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Human Rights
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North America
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Incarceration, USA, California, Prison, HIV, AIDS
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This project documents individuals in the AIDS ward at the state prison in Vacaville, CA, where even healthy but HIV-positive inmates are isolated from fellow prisoners - society's most isolated members cast even further from the realm of human contact.
Darcy Padilla

1991 — student award of excellence

My proposal for a photo project in furtherance of world harmony and understanding involves continuing my two-year effort to document prison conditions in the United States and abroad. Although I have photographed a prison in Chile, most of my work is done at prisons near my home in the Bay Area. For instance, I spent nine months photographing people in the AIDS ward at the state prison in Vacaville, CA, where even healthy but HIV-positive inmates are isolated from fellow prisoners - society's most isolated members cast even further from the realm of human contact.

With the United States recently overtaking the Soviet Union and South Africa as the country with the greatest percentage of its population behind bars (one million prisoners), the need to chronicle American jails becomes even more important all the time, to continue doing so is my goal.

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Inmate Francois shaves in his "house." Inmates call their cells, "houses".

“The Death Ward” was isolation units that held 120 inmates – all HIV positive – at the state prison California Medical Facility (CMF) in Vacaville, California.

The inmates had voluntarily tested for HIV and after receiving positive results were removed from the prison’s general population. Minimum-security inmates found themselves doing time in isolation units with maximum-security inmates. Inmates came to call it “The Death Ward” because “There was nothing to do but just wait around and die.” Darcy Padilla/Alexia Foundation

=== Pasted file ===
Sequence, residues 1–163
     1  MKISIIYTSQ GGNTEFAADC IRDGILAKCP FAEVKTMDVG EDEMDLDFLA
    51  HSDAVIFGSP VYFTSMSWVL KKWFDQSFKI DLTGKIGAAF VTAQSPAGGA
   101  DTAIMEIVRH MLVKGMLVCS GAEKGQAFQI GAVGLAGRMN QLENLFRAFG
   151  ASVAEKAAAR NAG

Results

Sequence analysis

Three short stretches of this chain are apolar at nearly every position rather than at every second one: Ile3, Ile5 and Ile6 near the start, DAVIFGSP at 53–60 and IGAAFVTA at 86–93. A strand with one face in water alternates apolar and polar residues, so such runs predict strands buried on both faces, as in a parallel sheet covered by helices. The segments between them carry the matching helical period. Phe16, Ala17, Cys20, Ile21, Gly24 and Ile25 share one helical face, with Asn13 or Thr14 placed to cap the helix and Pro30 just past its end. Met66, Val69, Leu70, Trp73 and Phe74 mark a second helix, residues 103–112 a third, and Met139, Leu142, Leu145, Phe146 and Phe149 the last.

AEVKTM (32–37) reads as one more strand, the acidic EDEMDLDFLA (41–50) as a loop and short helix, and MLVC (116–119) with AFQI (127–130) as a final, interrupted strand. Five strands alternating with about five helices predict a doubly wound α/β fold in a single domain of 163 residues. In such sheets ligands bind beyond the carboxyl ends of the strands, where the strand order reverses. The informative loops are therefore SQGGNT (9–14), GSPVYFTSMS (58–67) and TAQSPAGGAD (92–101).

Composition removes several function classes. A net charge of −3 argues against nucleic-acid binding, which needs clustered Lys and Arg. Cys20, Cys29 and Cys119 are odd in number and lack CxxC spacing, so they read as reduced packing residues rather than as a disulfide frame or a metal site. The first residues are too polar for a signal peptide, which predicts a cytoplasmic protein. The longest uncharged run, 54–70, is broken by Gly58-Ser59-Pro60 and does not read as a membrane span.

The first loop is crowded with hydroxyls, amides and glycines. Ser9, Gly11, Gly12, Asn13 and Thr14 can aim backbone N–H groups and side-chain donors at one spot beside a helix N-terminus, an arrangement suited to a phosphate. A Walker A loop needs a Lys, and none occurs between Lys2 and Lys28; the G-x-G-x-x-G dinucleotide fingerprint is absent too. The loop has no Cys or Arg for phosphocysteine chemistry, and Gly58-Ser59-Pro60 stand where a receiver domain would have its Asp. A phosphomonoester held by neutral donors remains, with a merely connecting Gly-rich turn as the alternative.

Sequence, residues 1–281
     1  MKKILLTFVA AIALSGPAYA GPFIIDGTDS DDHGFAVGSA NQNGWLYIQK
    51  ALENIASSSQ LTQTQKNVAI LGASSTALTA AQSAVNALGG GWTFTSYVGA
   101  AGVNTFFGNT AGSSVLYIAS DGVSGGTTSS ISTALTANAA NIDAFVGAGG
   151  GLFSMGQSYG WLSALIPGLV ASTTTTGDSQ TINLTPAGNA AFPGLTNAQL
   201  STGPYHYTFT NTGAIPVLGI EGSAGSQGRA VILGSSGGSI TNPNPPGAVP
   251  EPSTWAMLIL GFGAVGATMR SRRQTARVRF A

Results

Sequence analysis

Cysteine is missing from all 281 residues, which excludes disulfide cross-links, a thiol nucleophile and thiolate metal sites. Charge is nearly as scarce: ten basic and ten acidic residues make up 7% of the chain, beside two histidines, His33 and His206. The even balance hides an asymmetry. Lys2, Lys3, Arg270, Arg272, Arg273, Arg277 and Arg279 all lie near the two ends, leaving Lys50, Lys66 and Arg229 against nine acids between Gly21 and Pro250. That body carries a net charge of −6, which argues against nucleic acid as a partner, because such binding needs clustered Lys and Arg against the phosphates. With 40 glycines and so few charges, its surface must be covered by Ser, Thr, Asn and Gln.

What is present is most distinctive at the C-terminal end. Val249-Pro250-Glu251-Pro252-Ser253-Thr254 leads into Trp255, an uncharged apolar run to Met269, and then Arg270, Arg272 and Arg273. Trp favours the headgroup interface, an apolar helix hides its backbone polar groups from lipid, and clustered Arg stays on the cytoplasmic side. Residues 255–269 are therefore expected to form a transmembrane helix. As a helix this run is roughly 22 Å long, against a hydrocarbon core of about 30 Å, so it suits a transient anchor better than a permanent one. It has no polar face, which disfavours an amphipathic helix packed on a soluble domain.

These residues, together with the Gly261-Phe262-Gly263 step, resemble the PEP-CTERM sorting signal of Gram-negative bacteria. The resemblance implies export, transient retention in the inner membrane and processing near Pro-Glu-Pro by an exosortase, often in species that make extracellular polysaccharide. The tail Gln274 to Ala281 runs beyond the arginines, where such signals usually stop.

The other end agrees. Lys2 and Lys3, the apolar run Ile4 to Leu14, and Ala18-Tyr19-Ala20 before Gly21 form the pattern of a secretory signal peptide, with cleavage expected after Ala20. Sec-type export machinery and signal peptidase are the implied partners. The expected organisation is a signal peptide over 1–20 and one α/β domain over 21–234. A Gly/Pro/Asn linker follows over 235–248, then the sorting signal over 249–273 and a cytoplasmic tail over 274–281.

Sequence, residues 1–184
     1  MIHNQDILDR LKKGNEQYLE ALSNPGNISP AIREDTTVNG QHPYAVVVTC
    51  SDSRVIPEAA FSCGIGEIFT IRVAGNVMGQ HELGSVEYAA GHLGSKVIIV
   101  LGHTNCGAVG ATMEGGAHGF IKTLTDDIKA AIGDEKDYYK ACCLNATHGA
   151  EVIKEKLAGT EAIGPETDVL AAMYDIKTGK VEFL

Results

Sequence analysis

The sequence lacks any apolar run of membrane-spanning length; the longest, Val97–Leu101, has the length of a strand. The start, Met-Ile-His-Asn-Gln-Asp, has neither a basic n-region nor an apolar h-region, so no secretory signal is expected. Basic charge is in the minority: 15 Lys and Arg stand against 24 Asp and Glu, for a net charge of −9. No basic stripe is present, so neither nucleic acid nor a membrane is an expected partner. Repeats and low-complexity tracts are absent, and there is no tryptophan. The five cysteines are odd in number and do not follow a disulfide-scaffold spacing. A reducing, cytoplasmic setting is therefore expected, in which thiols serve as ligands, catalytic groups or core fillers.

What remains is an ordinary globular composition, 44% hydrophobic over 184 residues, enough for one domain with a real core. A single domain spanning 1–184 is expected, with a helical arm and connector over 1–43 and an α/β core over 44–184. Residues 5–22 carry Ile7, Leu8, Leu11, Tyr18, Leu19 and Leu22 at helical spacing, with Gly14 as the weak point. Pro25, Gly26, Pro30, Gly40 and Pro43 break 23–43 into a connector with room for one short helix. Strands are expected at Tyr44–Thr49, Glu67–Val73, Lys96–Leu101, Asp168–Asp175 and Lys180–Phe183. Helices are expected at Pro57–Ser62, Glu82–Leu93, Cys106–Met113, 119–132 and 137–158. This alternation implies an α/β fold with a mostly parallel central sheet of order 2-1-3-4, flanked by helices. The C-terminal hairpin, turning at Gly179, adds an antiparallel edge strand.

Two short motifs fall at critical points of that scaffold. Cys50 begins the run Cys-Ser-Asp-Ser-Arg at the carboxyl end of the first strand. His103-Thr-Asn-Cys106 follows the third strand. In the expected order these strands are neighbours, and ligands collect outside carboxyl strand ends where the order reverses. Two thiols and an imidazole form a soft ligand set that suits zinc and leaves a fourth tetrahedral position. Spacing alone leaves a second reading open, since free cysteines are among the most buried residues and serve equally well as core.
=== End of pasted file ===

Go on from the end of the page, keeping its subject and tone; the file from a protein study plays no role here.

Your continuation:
Inmate Francois smokes a cigarette in the small yard of the isolation wards. Inmates who voluntarily tested for HIV/AIDS were removed from the general population when they tested positive. They were limited prison services such as jobs, classes, church, and access to the main yard. Darcy Padilla/Alexia Foundation
An inmate in the TV room of the isolation units. Darcy Padilla/Alexia Foundation
Inmates have no access to the barber shop of main prison so they give each other haircuts. Darcy Padilla/Alexia Foundation
Inmates lift weights in their isolated prison yard. Darcy Padilla/Alexia Foundation
Two inmates talk in the kitchen. Darcy Padilla/Alexia Foundation
Inmates have limited access to prison services like the barber shop so they give each other haircuts and shaves. Darcy Padilla/Alexia Foundation
An inmate in his "house." There is no heat or air conditioning. Darcy Padilla/Alexia Foundation
Inmates called it the "Death Ward" because “There was nothing to do but just wait around and die.” Darcy Padilla/Alexia Foundation
Inmate Francois sits and has a cigarette in the kitchen watching inmates play cards. Darcy Padilla/Alexia Foundation